Hogan constructed two trails to his claim. The Battleship Trail followed the upper 1.4 miles of the Bright Angel Trail before traversing below Maricopa Point another 3.5 miles to the mine site. Another trail consisted of ropes, ladders, and toe holds chiseled into the side of the cliff from the rim directly above the mine site. Few others than Hogan used what he called "The Slide" and others called the Hummingbird Trail. You had to be a hummingbird to hang on!

Hogan not only had the mine, he was able to build tourist facilities uncontrolled by the National Park Service.

In 1936, he opened the Grand Canyon Trading Post, eventually adding cabins and a saloon. World War II ended his mining and tourism business, and Hogan sold out to Madeleine Jacobs in 1946.

Jacobs operated the tourist facilities with little interest in the mine until 1951 when it was discovered that the black rock she had been kicking aside was actually some of the richest uranium in the Southwest. The Orphan Mine became one of the most productive uranium mines in the region, in operation from 1953-1969.

An 1,800 foot long cable tram was added in 1955. A large "bucket" carried miners down and back from the rim to the mine opening in the cliff below, and hauled out the excavated ore. Each bucket could hold 800 pounds of ore, with an average of 1,000 tons removed each month.

In 1959, to meet higher safety standards and increased production demand, the cable tram was replaced by an elevator and load car operated from a large headframe. A 1,500 foot vertical shaft was drilled straight down from the rim to the mine site. Miners had a long, dark ride into the mine below. Ore production increased to almost 9,000 tons each month.

In the late 1950s, the mining company sought permission to extend the operation beyond the mining claim and into federal property. To speed the approval process, they proposed an 18 story, 800 room hotel overhanging the rim. This grand hotel would spill “down the side of the precipitous cliff like a concrete waterfall” ending at a swimming pool and sun deck below.

Because of the controversy over the extended mining operations and the unprecedented hotel plans, Congress passed a law in 1962 that allowed a compromise. Mining could continue, but tourist operations were prohibited after 1966 and all mining would cease by 1987, when the property would then pass to the federal government. Mining actually stopped by 1969 when the market for uranium declined and shipping costs for the ore increased.

When the mine closed it had produced 495,107 tons of ore, including 4,257,571 pounds of uranium oxide, 6,680,000 pounds of copper, 107,000 pounds of silver, and 3,283 pounds of vanadium oxide. The value of the uranium alone has been estimated at $40 million.

Louis Boucher and Hermit Trail

One of the early miners to settle in Grand Canyon, Louis Boucher, was called the "hermit" by some because he not only lived alone but made his home beneath the canyon rim in an isolated alcove at Dripping Springs. He set up a small tent camp and corral at this perennial water source, continuing to build trails and search for copper deposits.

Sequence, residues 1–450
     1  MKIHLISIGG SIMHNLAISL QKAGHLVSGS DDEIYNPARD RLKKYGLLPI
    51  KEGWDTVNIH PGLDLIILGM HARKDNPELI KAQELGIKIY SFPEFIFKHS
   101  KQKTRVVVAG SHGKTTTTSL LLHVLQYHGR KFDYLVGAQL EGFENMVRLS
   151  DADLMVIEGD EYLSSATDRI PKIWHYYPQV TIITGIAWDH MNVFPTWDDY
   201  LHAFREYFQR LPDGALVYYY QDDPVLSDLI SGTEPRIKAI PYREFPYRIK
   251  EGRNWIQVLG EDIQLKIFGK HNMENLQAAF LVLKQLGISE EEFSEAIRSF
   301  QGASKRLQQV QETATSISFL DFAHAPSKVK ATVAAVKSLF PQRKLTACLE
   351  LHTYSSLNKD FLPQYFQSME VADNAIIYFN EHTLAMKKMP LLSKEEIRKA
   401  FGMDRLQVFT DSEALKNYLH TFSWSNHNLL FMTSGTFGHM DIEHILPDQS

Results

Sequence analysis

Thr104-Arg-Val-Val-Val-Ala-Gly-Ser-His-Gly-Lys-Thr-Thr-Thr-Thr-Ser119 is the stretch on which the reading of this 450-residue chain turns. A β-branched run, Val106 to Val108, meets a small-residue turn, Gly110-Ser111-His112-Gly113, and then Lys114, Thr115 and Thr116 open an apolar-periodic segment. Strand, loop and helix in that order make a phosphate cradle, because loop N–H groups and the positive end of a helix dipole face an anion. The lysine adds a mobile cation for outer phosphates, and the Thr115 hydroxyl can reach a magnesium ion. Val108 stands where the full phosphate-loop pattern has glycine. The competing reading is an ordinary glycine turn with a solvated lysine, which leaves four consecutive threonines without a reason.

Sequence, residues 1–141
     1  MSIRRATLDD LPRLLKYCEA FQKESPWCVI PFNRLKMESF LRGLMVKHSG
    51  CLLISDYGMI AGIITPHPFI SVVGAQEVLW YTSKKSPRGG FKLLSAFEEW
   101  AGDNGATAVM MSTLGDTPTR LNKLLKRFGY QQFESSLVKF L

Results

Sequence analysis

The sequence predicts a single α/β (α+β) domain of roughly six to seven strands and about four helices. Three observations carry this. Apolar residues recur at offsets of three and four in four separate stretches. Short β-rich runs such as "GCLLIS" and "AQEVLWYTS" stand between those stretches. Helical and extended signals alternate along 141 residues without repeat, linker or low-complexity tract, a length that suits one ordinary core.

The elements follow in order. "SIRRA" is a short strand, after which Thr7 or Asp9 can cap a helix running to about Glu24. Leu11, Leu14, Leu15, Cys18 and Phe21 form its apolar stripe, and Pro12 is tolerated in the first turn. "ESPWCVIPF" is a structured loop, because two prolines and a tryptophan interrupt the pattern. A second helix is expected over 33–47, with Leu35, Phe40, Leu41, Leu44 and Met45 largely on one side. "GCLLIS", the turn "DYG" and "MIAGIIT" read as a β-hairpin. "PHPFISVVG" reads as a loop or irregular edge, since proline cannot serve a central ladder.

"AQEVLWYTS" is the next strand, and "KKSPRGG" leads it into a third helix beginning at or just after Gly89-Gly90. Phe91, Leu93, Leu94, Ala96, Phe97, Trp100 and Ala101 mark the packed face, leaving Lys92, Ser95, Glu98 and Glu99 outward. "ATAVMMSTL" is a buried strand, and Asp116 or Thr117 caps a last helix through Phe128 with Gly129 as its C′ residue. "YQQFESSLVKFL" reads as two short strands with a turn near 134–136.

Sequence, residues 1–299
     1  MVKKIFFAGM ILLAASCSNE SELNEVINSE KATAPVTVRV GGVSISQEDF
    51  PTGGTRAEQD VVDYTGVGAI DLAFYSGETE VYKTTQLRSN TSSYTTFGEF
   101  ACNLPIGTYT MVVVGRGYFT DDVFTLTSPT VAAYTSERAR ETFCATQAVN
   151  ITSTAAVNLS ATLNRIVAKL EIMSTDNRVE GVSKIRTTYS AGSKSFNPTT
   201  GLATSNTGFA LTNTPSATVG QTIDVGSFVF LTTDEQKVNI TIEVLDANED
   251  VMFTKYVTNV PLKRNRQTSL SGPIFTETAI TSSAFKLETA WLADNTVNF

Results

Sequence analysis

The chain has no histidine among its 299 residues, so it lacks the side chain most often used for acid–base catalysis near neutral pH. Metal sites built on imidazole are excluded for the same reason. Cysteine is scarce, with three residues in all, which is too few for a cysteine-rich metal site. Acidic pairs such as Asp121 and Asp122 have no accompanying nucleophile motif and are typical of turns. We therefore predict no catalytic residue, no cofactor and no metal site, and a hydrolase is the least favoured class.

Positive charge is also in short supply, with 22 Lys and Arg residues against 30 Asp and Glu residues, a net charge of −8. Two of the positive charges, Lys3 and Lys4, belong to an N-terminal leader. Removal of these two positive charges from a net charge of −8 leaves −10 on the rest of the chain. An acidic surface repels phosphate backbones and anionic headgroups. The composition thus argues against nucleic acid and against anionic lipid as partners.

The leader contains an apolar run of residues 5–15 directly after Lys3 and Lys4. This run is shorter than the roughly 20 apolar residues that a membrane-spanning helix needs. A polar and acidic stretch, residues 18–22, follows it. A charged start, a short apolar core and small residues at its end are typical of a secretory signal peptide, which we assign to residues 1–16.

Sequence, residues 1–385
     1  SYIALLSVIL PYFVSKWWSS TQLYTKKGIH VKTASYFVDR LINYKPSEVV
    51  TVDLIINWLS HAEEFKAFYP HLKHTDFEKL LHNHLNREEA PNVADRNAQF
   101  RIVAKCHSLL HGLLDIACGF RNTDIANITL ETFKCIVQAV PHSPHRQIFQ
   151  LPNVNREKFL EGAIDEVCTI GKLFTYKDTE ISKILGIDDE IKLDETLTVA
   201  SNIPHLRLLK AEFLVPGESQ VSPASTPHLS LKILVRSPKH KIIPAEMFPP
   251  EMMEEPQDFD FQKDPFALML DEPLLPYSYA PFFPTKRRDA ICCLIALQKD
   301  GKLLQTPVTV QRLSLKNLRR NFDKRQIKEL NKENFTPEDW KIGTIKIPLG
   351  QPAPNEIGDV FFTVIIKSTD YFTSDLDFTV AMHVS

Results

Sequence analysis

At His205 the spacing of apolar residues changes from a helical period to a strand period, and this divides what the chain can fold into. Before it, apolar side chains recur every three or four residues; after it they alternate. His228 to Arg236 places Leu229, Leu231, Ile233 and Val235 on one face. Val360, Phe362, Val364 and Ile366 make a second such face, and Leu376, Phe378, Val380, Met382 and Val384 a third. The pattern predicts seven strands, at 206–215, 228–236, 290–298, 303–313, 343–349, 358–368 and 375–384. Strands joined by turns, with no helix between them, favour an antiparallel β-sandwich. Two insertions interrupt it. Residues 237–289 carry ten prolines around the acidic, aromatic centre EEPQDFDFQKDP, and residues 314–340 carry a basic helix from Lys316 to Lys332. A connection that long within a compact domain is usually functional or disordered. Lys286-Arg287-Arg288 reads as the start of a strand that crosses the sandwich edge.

Boucher built the Silver Bell Trail (today's Hermit Trail and spur to Dripping Springs) and the Boucher Trail down to the Colorado River. Backpackers staying along Boucher Creek can still find evidence of his second camp near a copper mine, with remnants of stone cabins and outbuildings, near where he also planted a small garden and orchard.

During the 1890s Boucher worked several mining claims but also began leading tourists to his small camps. When the railroad brought increased tourist business to the South Rim in 1901, Boucher was better able to make ends meet with tourism dollars and work he did for friends such as Pete Berry, John Hance, and Niles Cameron.

Boucher left the canyon in 1909, selling the upper portion of his trail to the Santa Fe Railroad and Fred Harvey Company. Between 1911 and 1913 the railroad developed the "Hermit Trail" into the best constructed trail at the canyon, with cobblestone pavement and cement corrugation for better traction. Tourists traveled down the trail by mule to Hermit Creek where Hermit Camp offered visitor services such as tent cabins, restrooms, showers, and a Fred Harvey chef to cook meals.

By 1925, a cable tram was installed from Pima Point to Hermit Camp 3,600 feet below. It was said to be the longest single-span cable tram in the United States at 6,300 feet in length. It was also the only tourism tramway that went from the rim to the inner canyon. Hermit Camp closed in 1930. Remnants of the stone corral and cable system structures can still be seen by backpackers today.

Pete Berry, the Last Chance Mine, and Grandview Hotel

Another early miner to arrive at the canyon around 1890 was Pete Berry. He and his partners, Ralph and Niles Cameron, discovered the purest grade of copper to be found at Grand Canyon on Horseshoe Mesa. They registered their claim as the Last Chance Mine and quickly built what is today's Grandview Trail. To speed construction, they took shortcuts such as "cribbing" - using juniper logs and chains to construct the trail next to a rock wall rather than blasting the trail out of the rock wall. Hikers still walk on many of these portions of the trail today.